Sunday, July 25, 2010

PNC Reprise

When I visited PNC Park last summer, it couldn’t live up to its hype as the best ball park in the country. The masonry and steel stadium speaks the right language for the Pittsburgh riverfront but seems to have a limited vocabulary. And I am disappointed the food choices don’t have a better sense of place. I again couldn’t find the pirogues (to eat—a small serving race each other around the warning track) or the Isaly’s chopped ham sandwiches that I had read about in Fodor’s “Baseball Vacations.” For local food, I had “a Cap” from Primanti Brothers, capicola on thick white bread served with cole slaw and French fries right on the sandwich. If you know where to look there is a pretty good variety of beer, although most of it tends toward American lagers. I genuinely like Yuengling, so I guess I shouldn’t sneer at anyone who orders an Iron City. At least it isn’t just Bud and Miller.

Timing helped create the sour vibe last year. I visited just after the trade deadline and many fans were disgusted that the franchise had let so much talent go. This year, fans are excited by their 23-year-old centerfielder, Andrew McCutchen, playing in his first full season. Third baseman Pedro Alvarez, who was called up mid-June and then sent back down to Triple-A after struggling, has figured it all out in July, hitting seven home runs to date. So, without any delusions about winning the division, the Pirates fans are pretty excited.

The organization does a nice job of connecting past excitement to the present. There are three bronze statues outside the stadium, of Honus Wagner, Willie Stargell and Roberto Clemente. (Efforts are under way to possibly add a fourth statue, Bill Mazeroski, a historical figure for sure, but isn’t there a greater Pirate?) The statues jump off their pedestals to help masted ships fend off an attack from the visiting team in a video before each game. (Although there is a whole court memorializing the historic Negro League teams in Pittsburgh, players like Satchel Paige don’t figure in the mythology.) Another set a videos during play have current players watching film from the past, then ripping the screen down to reveal the live game feed. There is greatness in the past, but now it’s time to play in the present. If the Pirates ever have a winning season again, the loyal fans will erupt.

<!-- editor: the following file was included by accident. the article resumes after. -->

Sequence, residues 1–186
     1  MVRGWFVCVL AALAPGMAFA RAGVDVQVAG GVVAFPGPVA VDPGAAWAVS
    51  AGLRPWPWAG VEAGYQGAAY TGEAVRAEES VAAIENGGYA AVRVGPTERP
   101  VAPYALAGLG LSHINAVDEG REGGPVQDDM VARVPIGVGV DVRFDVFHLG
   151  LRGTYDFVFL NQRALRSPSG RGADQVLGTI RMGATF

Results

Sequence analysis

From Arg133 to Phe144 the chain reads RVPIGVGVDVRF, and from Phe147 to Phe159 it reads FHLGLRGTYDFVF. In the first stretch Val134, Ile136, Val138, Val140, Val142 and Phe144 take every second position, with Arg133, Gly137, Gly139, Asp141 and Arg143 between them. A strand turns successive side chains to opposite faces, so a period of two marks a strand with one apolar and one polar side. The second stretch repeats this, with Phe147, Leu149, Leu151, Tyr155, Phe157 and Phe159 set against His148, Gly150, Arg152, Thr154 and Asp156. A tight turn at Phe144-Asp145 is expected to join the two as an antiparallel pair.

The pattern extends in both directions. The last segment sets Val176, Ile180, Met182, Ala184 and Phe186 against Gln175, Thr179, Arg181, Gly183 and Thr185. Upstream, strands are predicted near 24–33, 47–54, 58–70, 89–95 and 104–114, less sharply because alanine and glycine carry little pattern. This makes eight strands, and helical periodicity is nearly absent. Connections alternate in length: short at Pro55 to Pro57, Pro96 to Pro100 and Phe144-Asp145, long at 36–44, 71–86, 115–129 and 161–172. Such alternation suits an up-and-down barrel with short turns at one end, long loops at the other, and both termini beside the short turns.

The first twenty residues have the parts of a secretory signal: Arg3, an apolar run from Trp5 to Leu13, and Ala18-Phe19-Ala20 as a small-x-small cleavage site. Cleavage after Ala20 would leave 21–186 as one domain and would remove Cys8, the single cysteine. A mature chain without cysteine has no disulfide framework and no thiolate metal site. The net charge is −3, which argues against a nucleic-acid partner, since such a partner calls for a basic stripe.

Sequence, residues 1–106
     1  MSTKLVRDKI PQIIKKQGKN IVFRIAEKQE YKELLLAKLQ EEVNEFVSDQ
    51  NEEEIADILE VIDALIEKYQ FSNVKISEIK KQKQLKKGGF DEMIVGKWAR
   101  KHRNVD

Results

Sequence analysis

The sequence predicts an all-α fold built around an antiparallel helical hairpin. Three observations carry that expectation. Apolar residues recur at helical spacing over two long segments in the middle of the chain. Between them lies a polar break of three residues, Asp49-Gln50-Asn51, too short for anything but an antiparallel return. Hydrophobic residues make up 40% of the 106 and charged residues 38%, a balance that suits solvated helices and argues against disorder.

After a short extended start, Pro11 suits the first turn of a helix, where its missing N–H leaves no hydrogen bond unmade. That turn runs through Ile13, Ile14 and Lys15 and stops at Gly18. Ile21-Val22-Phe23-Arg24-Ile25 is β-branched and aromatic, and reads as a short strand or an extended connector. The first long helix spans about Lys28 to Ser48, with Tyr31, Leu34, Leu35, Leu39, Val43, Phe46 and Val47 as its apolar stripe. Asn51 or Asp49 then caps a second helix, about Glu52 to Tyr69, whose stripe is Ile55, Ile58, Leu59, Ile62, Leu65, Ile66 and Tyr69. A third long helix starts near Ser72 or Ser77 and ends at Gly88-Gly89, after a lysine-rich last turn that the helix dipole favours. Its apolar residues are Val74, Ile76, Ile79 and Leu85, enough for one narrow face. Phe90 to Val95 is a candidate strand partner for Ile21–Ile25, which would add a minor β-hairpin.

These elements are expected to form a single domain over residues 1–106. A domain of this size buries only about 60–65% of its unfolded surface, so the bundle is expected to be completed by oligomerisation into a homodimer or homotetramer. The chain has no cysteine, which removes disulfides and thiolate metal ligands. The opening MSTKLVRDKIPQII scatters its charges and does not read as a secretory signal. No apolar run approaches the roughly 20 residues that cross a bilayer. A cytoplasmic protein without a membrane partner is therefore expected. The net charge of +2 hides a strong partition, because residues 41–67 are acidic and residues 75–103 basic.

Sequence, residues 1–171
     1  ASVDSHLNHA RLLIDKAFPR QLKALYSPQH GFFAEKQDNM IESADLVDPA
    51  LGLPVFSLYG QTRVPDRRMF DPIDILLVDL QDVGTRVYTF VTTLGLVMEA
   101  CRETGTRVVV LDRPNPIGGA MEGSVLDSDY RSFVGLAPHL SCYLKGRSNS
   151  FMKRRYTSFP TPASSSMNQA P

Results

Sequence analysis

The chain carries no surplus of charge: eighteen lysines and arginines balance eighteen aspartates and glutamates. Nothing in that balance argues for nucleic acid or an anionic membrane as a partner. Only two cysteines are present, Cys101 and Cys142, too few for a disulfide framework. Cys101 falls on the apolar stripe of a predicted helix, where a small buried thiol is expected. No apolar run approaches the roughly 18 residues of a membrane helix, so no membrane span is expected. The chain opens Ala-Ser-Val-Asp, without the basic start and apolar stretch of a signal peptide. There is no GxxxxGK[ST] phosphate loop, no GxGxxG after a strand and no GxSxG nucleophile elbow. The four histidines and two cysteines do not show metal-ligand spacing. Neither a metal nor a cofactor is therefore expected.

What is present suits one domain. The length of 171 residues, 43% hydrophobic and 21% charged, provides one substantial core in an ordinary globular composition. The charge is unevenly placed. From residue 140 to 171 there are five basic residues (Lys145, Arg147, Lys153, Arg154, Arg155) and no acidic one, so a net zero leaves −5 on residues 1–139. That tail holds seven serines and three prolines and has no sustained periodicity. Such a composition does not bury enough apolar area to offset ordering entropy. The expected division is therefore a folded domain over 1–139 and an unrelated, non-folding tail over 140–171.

On Thursday night the Milwaukee Brewers set the tone with Prince Fielder’s league-leading 24th home run in the fourth and a two-run shot by Rickie Weeks in seventh. The Pirates rallied in the bottom of the inning with a walk, a single, and two-run double by Neil Walker, but that left them a run and 3-2 was the final score. The biggest drama occurred in the top of the eighth, when Fielder tried to score from second and, lumbering home later than the ball, drove his left forearm into Erik Kratz’s head. There’s bowling over the catcher and then there are cheap shots. The Pirates fans made it clear for the rest of the game how they felt, and a photograph in the next day’s Trib makes it hard to argue with them.

Before the game, I spent a couple hours at the Warhol Museum, mostly in the “Twisted Pair” exhibition. Some of the juxtapositions of work by Marcel Duchamp and Andy Warhol seemed like nothing more than coincidence. In other cases the evidence points to influence and imitation. I found it most interesting when the two artists explored the same ideas, but apparently independently.

Last year’s visit to PNC Park was the second-to-last day of the cross-country marathon. Thursday was a stop-over on my way to meet Melvin in Cleveland, the first of four games at different levels in the Indians organization.

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